Funny Of The Week/Amusing Signs Part One

This is a series I’ve run before, but I’ve come across some hilarious new signs. I hope you enjoy them. Here’s the first. I’d love to know how this works:

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Monday Motivations

This week’s stimulus to set you off on the writing trail is a visual one. I hope this eerie scene, with the strange-looking shadow in the distance, sets you thinking…

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Top Tip Of The Week

Fiction in a flash

My top tip of the week is a cheeky one – if you have any time over the long bank holiday weekend write a flash fiction story for my competition! There’s still plenty of time to enter, but why not have a go now? Here’s a reminder of the details:

Flash Fiction Competition

Prizes: 1st £50, 2nd £25, 3rd £10

Entry fee: £2 per story

Word Limit: Stories of up to 250 words are invited on any theme.

Payment can be made by credit card or Paypal, via the website. Cheques should be made payable to Esther Newton.

Entries should be submitted as e-mail attachments in Word or PDF format. In the body of the e-mail, please detail the following: your name, postal address, e-mail address, story title and word count.

For postal entries, please include a cover sheet with the following information: your name, contact details, story title and word count. If you want your story back, please enclose an S.A.E.

The title does not form part of the word count.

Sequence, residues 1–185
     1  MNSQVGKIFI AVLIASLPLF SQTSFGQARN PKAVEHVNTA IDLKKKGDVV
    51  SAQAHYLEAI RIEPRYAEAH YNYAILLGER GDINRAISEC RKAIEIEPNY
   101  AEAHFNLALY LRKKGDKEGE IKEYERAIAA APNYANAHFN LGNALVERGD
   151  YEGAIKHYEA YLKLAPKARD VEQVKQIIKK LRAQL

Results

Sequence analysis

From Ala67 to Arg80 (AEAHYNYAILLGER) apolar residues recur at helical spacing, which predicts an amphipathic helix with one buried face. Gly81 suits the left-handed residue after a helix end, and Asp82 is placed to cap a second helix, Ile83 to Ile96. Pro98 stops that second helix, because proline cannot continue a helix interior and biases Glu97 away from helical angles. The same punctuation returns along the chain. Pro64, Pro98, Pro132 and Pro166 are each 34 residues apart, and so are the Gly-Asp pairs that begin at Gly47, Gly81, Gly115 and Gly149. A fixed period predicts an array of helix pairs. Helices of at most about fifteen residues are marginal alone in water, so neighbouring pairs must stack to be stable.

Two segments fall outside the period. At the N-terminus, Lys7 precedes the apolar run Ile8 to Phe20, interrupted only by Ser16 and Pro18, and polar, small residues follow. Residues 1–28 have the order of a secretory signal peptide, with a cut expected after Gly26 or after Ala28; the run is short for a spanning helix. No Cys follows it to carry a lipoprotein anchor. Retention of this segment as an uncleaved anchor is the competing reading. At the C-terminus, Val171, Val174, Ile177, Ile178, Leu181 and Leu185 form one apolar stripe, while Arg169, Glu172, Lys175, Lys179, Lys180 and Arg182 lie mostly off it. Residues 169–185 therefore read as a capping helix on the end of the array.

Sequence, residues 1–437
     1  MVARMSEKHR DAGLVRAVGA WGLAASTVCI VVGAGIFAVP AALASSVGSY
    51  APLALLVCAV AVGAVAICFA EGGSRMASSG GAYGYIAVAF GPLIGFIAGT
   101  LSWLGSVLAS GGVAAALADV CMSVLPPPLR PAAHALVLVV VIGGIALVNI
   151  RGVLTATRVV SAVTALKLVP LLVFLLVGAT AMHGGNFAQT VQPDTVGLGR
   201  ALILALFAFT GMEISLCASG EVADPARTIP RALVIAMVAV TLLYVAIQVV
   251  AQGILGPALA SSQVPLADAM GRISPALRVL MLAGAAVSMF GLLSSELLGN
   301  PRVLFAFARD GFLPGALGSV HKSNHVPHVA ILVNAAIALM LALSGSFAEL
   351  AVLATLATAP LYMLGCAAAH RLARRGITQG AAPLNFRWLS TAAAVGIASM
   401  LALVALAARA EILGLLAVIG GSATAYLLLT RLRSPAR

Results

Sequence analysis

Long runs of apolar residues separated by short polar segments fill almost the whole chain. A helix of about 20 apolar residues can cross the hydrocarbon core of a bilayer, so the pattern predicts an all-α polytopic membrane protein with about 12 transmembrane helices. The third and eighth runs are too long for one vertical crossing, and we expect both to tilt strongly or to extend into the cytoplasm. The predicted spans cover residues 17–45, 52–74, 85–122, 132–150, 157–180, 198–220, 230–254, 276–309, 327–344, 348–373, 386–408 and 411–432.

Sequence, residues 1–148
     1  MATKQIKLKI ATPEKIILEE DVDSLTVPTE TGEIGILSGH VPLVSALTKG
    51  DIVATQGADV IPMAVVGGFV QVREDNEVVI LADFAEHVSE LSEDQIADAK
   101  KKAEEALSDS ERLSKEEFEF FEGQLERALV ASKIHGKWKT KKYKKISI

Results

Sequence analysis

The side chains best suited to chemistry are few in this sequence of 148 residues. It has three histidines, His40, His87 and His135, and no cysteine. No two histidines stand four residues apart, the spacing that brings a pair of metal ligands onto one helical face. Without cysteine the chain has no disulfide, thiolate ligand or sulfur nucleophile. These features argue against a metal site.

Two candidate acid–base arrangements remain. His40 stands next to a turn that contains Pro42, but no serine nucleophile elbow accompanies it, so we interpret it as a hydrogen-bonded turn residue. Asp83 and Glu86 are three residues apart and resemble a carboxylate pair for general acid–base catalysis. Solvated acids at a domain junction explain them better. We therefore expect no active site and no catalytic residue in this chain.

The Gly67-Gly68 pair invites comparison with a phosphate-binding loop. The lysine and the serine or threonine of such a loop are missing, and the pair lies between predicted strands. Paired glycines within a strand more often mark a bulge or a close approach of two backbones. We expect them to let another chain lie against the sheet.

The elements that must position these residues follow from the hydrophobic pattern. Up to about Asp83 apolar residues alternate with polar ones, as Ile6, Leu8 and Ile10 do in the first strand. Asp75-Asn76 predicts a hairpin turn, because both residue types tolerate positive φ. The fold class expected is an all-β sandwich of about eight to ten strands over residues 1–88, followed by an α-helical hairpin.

Your name should not appear anywhere on the story.

E-mail entries to: esthernewton@virginmedia.com

Postal entries to: Flash Fiction Competition, 21 Fuller Close

Thatcham, Berkshire, RG19 4GS, England

Website: https://esthernewtonblog.wordpress.com/flash-fiction-competition/

Closing date: 30th June 2015

All winning entries will be published and showcased on the website.

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Have a great weekend and happy writing :-)

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My Weekly Writing Challenge

Last week, I gave you the opening to your story, so this week, for my challenge, I’m going to give you the ending:

She shook her head and smiled. The day hadn’t started well, but it had certainly ended with a bang.

There are no word limits or themes. Why your character shook her head and smiled and what the bang was, is up to you.

Last week, your opening sentence was ‘John knew he’d gone too far this time – and there was no going back’. Here are the entries:

Steve Walsky was quick of the mark with this witty flash fiction story:

John knew he’d gone too far this time – and there was no going back.

“Ahem!” said Elvis, the impatient Los Vegas Wedding Chapel guy, “I said, you may now kiss the bride!”

Later, as he packed his bags for their trip to his apartment in London, John thought, obviously, what happens in Vegas does not always stay in Vegas. It was going to be a long plane ride.

Geoff Le Pard brings his wonderful humour to his poem:

Poor John – a poem

John knew he’d gone to far this time
And there was no going back;
His punishment was sure to follow
For the pants he’d forgot to pack.

Shirts and shorts were missing too;
He’d nothing but his socks.
And cycling two hundred miles
He’d really miss his jocks.

For John was a well-hung man
– his parts were in demand-o;
But nothing could prepare poor John
For biking when commando.